Balancing a cube is difficult, and it will take many play throughs for you to get it to its ideal state. Also hearing players feedback may improve your Cube balance. Furthermore as sets come out, you’ll want to add new cards to your cube, meaning that it’s never truly complete. That’s one thing that many players enjoy about building a cube; it’s a work in progress and a project that is never finished. So how do you actually go about balancing a cube?
First you need do balance your color. This mean that you should have roughly the same amount of cards for each of the five color. But this is not the only thing; you have to make sure that all colors are somehow balanced between each other with no absurd discrepance of power level. While the power level balance depends mostly on the cube players feedbacks, the number’s balance can be summarized with some guidelines.
Here’s a good starting point for your 360 card cube:
- 50 White cards
- 50 Blue cards
- 50 Black cards
- 50 Red cards
- 50 Green cards
- 40 Multicolored cards, with four of each color pair
- 35 Non Basic Lands
- 35 Colorless cards and Artifacts
Artifacts are tricky because some of them either have a colored activation cost or reference a certain color. Don’t count artifacts as colorless artifacts if they are only for one specific color. Nonbasic Lands are great at helping you get the right colors you need for your deck, but they should be chosen with care. They should be the 10% to 15% percent of the cube and they should be in equal number for each color pair. You are not obliged to put in your Cube only finished cycles of ten lands, but you can custom your choices as long as the numbers remain unaffected and the your choosen lands are suitable for that specific color pair. With the 35 Non Basic Lands paradigm you can have three lands per color pair plus five utility lands.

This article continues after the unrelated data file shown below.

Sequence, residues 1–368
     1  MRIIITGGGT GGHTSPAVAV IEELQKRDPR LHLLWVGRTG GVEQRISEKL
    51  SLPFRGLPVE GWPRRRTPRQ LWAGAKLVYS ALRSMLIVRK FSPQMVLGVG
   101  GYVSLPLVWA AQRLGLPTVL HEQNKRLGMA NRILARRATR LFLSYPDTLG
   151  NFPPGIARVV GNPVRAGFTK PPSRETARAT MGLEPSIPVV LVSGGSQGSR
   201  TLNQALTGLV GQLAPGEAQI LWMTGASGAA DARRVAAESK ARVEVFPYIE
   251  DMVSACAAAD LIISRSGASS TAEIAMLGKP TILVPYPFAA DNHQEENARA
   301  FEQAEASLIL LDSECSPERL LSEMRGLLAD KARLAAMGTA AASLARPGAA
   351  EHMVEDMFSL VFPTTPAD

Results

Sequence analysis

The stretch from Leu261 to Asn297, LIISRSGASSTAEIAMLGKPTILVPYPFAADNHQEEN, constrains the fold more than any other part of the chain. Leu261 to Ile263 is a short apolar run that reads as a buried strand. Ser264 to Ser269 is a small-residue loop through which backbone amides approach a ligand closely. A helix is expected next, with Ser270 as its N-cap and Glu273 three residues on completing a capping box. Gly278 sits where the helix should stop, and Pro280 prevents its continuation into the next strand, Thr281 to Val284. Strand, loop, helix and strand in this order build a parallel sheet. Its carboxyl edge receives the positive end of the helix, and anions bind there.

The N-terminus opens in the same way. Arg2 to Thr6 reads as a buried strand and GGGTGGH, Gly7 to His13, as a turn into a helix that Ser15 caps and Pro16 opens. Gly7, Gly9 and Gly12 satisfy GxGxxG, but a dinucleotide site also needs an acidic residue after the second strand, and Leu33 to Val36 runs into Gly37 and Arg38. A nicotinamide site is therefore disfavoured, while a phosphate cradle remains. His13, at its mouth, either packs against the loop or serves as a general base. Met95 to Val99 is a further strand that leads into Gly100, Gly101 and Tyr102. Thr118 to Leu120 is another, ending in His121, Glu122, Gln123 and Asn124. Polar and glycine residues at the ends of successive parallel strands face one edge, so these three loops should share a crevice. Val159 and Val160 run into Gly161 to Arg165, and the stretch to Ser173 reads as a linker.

After you refine the numbers you can choose to assign to each color pair an archetype. Selecting cards for a 360 card cube is not an easy task, and you may have no idea where to begin. A good starting point is to choose your favorite archetype for each of the ten color pairs and include cards that support those archetypes. While you should include powerful cards to support each archetype, it’s also important to include cards that are both good in any deck and work in multiple archetypes. Remember, the mono colors cards should be as versatile as they can be and the multicolor cards should be the payoff for you to draft a certain archetype or color pair.
Playtest and Players’ Feedback
Playtests are one of the best tools you have to help balance your cube. Each time you draft your cube with eight players, you should be looking for signs of things that are off. For example, are the aggressive white creatures not getting drafted? Maybe white aggro is too weak or you don’t have enough cards in your cube to support that archetype. Are five of the eight players playing blue? It’s likely that blue is too strong, and you may need to cut some of the efficient counterspells and card draw for spells that are weaker. Does the mono-red player go 3-0 in every draft? Red is likely too strong. These are just a few of the things to look for while playtesting.
Another thing to think about is not really color balance, but rather fairness balance. Are there any cards in your cube that are automatic first picks regardless of a player’s color preference? The consensus is that these cards are un-fun to play against, and maybe it is simply better to take them out. Similarly, are there cards that no one ever plays? Maybe there are cards in your cube that are drafted early but never make the final cut in players’ decks. These are the cards that should be coming out for different cards.
Building and tuning cubes is complex but, for me, is also one of the most fun and satisfying ways to play Magic.